An excellent piece by Mohammad Sadeghi Esfahlani and Jamal Abdiat at Foreign Policy makes a strong case that the US-led/Israel-endorsed sanctions against Iran are forcing Iranians, not toward regime change, but into the arms of the regime. The middle class who had been the backbone of the Green Movement have become impoverished by the damage sanctions have wrought on the Iranian economy. Meanwhile, the less educated and more traditional elements of Iranian society who are forced to turn to the regime for assistance become easier targets for the demagoguery of the right-wing religious leadership.
The authors note:
The above-referenced report ( "Killing them Softly: The Stark Impact of Sanctions on the Lives of Ordinary Iranians") details much of the on-the-ground effects that sanctions are having on the populace.
This is, of course, terribly reminiscent of the downward spiral of Iraq's economy and society in the wake of the sanctions imposed by the UN from 1990 till 2003. The impact of those sanctions - and the role of the US in sustaining them even in the face of overwhelming evidence of the horror they produced - has now been documented copiously, and damningly, by people such as Joy Gordon, who noted in a Foreign Policy essay in 2010:
It is hard to look at the current sanctions on Gaza and Iran without recalling the Iraq sanctions regime -- both the structural damage and pettiness. It seems that what the U.S. has learned from Iraq was to claim that it now employs "smart sanctions," which will never do the kind of broad damage as we saw in Iraq. Yet the "smart sanctions" on Iran target Iran's oil and gas industries, the national shipping lines, and Iran's banking system. If the U.S. or UN sanctions are successful, the damage to Iran's economy, and its population as a whole, will be enormous, and indiscriminate. As we hear that Israel will now allow potato chips and juice into Gaza, it is hard to fathom how anyone could rationalize that these ever presented a threat to Israel's security. But above all what we should know from Iraq is this: that causing destitution in distant lands does not make the world a better place, or make the United States, or anyone else, more secure.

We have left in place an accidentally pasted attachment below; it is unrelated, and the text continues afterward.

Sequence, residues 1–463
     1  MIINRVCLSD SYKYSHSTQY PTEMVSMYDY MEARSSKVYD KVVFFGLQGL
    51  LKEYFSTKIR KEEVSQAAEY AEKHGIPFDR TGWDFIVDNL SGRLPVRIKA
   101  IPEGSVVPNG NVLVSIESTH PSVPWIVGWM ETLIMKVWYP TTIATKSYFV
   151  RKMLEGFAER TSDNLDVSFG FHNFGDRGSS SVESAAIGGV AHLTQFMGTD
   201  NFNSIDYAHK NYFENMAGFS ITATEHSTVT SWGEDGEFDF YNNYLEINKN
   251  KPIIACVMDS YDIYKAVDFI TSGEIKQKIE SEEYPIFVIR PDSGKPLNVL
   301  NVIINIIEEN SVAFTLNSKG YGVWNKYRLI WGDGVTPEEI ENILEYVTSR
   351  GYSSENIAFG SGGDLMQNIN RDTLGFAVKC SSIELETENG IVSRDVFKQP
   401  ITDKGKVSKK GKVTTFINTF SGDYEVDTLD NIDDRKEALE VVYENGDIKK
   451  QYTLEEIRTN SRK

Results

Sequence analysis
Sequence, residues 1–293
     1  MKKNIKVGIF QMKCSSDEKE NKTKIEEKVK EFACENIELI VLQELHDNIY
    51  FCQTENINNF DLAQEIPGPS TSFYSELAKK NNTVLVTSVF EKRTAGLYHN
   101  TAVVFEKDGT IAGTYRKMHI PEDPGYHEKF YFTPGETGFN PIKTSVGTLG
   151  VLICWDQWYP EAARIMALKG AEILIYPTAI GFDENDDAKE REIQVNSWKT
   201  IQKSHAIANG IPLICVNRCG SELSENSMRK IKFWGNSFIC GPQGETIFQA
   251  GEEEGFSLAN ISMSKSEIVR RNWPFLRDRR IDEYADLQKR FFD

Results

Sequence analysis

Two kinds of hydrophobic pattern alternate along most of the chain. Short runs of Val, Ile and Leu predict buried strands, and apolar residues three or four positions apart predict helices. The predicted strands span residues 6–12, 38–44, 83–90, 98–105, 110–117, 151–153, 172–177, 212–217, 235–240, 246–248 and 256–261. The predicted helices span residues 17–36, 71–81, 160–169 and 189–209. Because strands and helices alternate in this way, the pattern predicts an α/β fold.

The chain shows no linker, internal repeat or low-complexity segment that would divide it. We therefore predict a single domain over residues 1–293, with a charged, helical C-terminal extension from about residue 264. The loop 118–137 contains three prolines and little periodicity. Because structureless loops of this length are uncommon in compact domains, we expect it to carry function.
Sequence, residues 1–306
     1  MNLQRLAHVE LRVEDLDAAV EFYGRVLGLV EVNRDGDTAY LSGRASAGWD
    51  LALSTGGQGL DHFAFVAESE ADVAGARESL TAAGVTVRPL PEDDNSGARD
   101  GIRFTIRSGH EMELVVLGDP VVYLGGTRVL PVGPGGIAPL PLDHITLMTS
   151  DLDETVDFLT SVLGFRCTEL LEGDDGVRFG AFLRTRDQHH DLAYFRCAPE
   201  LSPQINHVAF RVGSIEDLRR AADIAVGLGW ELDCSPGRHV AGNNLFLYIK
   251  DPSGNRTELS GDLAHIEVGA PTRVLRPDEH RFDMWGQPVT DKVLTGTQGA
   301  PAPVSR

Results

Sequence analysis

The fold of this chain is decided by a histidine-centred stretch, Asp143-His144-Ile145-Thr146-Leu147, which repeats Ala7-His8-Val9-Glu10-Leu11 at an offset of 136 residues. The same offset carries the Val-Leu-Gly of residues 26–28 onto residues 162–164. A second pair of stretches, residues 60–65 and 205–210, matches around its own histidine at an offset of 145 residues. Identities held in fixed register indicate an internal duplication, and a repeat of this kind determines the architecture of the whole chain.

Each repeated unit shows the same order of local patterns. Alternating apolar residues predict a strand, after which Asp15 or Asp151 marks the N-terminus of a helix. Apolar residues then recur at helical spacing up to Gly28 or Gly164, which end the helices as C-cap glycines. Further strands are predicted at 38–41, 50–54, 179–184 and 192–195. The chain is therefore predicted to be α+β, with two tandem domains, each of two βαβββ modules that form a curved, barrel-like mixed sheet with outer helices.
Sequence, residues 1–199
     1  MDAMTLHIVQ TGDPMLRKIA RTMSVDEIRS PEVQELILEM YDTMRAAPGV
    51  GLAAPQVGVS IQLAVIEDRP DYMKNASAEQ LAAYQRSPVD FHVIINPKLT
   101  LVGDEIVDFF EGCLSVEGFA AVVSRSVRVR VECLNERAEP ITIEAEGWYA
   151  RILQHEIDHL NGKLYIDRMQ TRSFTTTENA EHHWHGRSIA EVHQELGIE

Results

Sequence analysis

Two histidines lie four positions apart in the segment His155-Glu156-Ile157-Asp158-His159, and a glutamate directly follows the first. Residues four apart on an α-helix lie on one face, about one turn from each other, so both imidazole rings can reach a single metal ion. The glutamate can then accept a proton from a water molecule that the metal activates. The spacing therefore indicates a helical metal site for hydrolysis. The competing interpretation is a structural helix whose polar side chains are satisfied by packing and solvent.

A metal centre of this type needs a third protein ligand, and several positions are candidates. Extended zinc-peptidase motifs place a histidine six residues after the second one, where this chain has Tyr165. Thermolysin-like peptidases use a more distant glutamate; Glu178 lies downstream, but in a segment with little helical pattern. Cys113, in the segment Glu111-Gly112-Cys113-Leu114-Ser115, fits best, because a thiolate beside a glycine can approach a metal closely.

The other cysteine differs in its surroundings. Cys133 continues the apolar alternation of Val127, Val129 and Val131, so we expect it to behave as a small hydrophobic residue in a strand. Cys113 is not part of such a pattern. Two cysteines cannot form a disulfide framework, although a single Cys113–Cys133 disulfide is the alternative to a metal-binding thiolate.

Gordon wrote that two years ago. The sanctions against Iran have done much more damage since then. And as Israel and Mitt Romney continue to thunder on about bombing Iran's nuclear infrastructure, let's bear in mind that if that comes to pass, it likely will not bring down the regime nor result in a military victory followed by unconditional surrender. Rather, the Iranian people - even more greatly traumatized - will struggle on . . . and our Congress will likely demand even harsher sanctions that will further impoverish and immiserate them.
They will also create thousands more enemies for the US abroad . . . and perhaps hasten the day of another 9-11-type attack against the "homeland."